Broiler poultry farmers across the State are demanding a sustainable package to revive the poultry sector.
Increase in cost of feed and other inputs, avian flu threat, market competition from nearby States, COVID disruptions and seasonal and climatic challenges affect the profitability of the farmers.
Around 7 lakh poultry farmers and entrepreneurs are involved in broiler poultry production in the State. Annually, the broiler sector is running on profit for around six months and during the rest of the six months, the sector is under loss, says Binny Immatty, State President, Poultry Farmers and Traders Samiti. The price rise of chicks adds to the cost of production.
“Widespread propaganda on use of hormones and antibiotics in broiler production misleads the consumers and affects the market of chicken. As per recent research findings, hormones are not used in chicken. Across the State, safe to eat production practices are acquiring momentum,” he pointed out. Such propaganda will hit the poultry farmers who struggle for survival.
Kerala contributes 4.38 % of the national broiler poultry production in the country. Per capita annual consumption in the country is 3.1 kg where as it is 10 kg in Kerala. It is estimated that Kerala requires 50,000 tonnes of poultry meat per month. Of which, 40,000 tonnes is produced in the State. The rest is met by supply from nearby States like Tamil Nadu, Andhra Pradesh, Telangana and Karnataka.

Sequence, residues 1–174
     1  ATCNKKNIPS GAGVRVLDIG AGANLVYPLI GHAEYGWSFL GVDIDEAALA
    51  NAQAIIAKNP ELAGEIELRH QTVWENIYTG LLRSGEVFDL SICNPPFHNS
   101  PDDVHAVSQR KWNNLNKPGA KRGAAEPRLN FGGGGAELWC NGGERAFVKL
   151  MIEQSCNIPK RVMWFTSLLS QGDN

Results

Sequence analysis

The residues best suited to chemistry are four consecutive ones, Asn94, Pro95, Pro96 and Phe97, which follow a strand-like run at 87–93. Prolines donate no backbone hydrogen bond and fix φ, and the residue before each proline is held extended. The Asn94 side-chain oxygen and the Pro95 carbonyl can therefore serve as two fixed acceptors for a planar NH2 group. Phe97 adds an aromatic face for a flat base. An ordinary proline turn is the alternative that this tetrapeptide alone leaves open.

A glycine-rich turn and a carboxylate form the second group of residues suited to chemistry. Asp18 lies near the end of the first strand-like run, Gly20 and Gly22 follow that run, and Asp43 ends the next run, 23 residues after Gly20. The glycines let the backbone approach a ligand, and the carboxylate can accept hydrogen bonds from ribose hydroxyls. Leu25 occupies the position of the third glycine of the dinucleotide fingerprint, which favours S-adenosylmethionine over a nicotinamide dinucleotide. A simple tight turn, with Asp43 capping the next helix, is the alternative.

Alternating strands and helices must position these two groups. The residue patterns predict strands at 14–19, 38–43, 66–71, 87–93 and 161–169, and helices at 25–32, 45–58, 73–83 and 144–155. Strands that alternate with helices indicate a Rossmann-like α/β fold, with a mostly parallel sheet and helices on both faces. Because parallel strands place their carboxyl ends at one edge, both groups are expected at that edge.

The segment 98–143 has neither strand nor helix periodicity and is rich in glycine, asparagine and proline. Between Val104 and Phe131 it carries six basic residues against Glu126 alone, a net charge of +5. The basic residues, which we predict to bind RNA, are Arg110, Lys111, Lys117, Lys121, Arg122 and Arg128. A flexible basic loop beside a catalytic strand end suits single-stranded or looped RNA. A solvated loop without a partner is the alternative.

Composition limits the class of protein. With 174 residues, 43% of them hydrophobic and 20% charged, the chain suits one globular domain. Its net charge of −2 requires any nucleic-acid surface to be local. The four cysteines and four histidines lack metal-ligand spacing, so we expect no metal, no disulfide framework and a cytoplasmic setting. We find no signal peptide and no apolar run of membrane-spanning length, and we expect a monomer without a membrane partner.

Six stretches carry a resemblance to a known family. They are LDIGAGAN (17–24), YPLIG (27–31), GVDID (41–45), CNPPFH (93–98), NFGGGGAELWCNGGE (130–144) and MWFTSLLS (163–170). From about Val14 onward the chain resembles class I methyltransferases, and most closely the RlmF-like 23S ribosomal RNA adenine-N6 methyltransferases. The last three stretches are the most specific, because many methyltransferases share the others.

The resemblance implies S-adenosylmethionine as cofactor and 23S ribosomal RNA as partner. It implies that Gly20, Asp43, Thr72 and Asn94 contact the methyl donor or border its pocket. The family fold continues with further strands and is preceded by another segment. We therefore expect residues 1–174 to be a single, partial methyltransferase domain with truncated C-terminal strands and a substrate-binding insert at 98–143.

National statistics reveal that the livestock and poultry sector together contribute 26 % of the total agriculture GDP. Of which poultry sector contribution is around 16 %.
Farmers complain that the poultry sector comes neither under farming nor industry.
“Kerala chicken, a project promoted by the State government, which has only around 1 % of the market share in the State has been given around ₹60 crore as subsidy. But 99 % of poultry farmers are not getting any subsidies or assistance from the government. Due to heavy subsidies, Kerala chicken used to sell chicken at reduced prices. But the other poultry farmers can’t afford to reduce the price. Poultry traders from nearby States explore the situation,” said T.S. Pramod, secretary of the Poultry Farmers and Traders Samiti.
The poultry farmers demanded that the price of broiler chicken must be decided by a platform of south Indian States. While fixing the price of chicken, periodic increase in cost of production needs to be taken into account. A chicken price index needs to be developed based on feed price, they demanded.
“Broiler farming can be made lucrative in the State with the scientific interventions. All broiler farmers require appropriate funding support in the form of subsidies to counter the increase in cost of production. At a time food safety issues are emerging across the State, the government needs to fix benchmark standards based on the Food Safety and Standards Act for good processing and retail practices. Poultry farmers require common facility centres and central funding through different projects, which include cold chain projects, animal husbandry Infrastructure development projects and farmer producer organisations, etc,” said the Samiti. They also demanded a minimum support price for chicken and eggs.